For over 60 years, the Benfaremo family has been serving up their own brand of Italian ices at this humble corner in the shadow of Shea stadium (ok, Citi Field). On summer nights, old neighborhood holdouts play bocce in "Spaghetti Park" but last night, with clouds filling the sky, we were among just a handful of customers.

Anyone who has not had the pleasure of trying Benfaremo might be dazzled by the dozens of flavors on offer. "Almond," you might say, adventurously. Or, "I like licorice."

But I'm here to tell you there is really only one right choice here:


It's in the name of the place after all. He's not the Cotton Candy Ice King of Corona. Don't be fooled by the enticement of little chunks of mango or watermelon ... you want lemon. If you really, really want to try something else, I wouldn't suggest going any farther afield than orange or rainbow. Trust me on this one. I speak from several years of experience.

Saturday, May 02, 2009

The Many Faces of Bergamot

I have a small amount of bergamot growing in my window right now. As you can see, they're still just babies but I'm already giving some thought to how I can put them to use later on in the season.

Here are some ideas I came across:

Bergamot jelly might be fun to try in the late summer or fall when it's apple season.

Using the bergamot leaves in citrus sorbet or as a flavoring for pork or even fish.

A handful of leaves could be brewed as a mild tea, or added to lemonade or iced tea (like the Luzianne I picked up in New Orleans last year).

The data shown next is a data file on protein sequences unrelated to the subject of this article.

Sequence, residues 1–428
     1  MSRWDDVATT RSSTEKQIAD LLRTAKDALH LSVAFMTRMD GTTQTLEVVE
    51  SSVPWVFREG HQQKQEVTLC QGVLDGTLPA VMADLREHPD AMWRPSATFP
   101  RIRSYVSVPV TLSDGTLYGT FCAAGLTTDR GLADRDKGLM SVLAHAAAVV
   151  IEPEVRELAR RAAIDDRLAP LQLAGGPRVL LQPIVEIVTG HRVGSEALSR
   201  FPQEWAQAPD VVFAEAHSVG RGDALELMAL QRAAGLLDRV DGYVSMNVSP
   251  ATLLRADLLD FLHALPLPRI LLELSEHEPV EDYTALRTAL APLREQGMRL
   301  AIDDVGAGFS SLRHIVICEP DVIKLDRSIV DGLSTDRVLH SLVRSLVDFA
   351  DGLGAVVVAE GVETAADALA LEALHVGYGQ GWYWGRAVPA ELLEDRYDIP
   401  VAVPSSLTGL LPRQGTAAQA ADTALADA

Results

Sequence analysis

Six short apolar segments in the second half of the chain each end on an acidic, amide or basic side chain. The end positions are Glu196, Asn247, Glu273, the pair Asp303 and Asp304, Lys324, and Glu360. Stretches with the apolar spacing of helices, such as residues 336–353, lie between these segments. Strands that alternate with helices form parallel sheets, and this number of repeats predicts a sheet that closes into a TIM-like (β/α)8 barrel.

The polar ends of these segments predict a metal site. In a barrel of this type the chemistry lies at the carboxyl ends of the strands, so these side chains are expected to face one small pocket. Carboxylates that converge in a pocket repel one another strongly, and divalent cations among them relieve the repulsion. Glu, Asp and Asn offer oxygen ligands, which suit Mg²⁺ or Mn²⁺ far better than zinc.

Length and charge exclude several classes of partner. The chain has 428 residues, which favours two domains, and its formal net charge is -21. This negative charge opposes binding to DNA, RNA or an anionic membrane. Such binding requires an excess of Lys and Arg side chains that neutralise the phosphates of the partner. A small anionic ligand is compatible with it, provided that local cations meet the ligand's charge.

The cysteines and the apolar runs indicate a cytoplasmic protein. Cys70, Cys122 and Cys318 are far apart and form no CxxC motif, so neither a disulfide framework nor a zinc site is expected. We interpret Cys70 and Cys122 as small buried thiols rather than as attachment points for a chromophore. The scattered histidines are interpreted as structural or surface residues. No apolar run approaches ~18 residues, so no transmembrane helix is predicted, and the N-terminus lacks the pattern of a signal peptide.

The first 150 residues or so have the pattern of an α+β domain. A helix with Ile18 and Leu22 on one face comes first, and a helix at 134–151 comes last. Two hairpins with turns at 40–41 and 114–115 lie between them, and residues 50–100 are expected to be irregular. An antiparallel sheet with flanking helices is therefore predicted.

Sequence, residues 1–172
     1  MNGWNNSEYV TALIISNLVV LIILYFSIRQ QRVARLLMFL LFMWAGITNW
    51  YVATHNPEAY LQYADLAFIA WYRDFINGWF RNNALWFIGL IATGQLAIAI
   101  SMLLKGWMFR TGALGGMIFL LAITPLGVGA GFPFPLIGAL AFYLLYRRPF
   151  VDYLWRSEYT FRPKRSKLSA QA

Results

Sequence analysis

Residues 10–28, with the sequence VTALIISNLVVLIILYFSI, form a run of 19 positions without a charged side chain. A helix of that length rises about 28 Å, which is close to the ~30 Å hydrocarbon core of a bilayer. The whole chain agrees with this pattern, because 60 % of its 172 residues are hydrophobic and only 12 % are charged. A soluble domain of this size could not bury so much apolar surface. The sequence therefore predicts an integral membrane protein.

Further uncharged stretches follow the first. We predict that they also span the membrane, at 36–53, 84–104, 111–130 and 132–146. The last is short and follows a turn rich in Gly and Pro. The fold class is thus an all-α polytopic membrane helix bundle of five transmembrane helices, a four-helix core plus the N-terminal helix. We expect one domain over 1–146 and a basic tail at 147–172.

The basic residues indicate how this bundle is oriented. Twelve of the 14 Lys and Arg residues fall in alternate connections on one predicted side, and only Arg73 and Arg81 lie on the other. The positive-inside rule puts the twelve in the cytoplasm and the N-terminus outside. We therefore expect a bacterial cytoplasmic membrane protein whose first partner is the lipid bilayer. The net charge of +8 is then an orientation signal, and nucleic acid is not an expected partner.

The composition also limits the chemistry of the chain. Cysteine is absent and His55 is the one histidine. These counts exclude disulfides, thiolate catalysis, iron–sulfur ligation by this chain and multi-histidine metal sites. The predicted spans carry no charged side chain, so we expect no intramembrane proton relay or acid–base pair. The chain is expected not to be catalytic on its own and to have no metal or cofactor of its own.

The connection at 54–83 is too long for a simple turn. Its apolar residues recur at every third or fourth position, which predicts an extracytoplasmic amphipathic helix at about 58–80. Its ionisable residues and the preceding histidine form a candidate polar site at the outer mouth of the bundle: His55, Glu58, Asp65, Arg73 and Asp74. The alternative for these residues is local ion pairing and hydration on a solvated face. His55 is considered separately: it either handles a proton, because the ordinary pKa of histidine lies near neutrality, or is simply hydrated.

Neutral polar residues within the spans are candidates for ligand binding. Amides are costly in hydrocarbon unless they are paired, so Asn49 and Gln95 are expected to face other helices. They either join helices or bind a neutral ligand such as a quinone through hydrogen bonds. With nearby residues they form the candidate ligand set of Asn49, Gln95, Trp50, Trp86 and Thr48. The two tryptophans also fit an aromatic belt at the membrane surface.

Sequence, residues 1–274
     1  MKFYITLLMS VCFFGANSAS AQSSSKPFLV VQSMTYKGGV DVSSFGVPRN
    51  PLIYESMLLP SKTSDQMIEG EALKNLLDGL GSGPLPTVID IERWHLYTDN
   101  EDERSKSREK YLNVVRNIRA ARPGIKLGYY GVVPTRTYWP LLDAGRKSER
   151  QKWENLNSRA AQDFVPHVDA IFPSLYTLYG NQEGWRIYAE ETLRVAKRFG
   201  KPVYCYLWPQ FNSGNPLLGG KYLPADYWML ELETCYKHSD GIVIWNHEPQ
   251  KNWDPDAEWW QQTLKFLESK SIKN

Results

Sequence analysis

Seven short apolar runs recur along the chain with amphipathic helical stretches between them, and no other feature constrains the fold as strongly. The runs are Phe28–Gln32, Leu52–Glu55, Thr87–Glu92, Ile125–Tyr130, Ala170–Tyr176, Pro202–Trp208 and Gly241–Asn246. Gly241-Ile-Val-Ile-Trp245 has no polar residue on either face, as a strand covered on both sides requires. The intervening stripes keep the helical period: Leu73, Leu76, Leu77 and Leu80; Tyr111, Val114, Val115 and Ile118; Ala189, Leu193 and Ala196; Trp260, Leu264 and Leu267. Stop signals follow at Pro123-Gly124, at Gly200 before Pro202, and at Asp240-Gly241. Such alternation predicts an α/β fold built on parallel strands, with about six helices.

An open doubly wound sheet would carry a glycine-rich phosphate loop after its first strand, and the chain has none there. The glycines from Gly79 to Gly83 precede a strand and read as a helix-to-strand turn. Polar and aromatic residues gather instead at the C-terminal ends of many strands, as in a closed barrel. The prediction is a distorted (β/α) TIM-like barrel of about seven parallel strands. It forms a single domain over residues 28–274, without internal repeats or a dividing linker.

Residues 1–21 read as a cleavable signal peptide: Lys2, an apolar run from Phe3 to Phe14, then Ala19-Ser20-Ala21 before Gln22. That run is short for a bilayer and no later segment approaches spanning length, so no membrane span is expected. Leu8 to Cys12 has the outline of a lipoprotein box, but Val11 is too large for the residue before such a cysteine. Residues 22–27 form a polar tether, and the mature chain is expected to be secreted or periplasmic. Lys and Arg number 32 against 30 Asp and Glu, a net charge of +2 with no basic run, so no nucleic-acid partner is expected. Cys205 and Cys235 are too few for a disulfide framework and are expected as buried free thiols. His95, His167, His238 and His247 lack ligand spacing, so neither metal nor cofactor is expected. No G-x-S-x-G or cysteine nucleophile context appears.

It's important to note that this herb is differentiated from bergamot oranges, the rinds of which give that distinct flavor to Earl Grey tea. What I have is of the mint family and is also known as 'bee balm.'

Anyone have suggestions for cool ways I can use my new acquisition?

Thursday, April 30, 2009

Comfort Food: Kheemo

Growing up, this was one of my family's staple dishes. These days, it is still one of my favorite comfort foods and now even my husband, who didn't grow up on the stuff, often asks for a little "kheemo"-therapy. Kheemo is a pan-Indian dish, though it's often attributed to Punjab or Hyderabad. It consists of spiced ground beef cooked with tomatoes, potatoes and peas. Parsis generally serve it with khitchri, a rice dish made with red lentils and yellow split peas, and there's usually a yogurt raita and tomato or mango chutney to accompany.
Parsi Kheemo
1/2 kg. ground beef
one onion (chopped)
2 or 3 potatoes
2 tomatoes, peeled and chopped
1 tsp. chili powder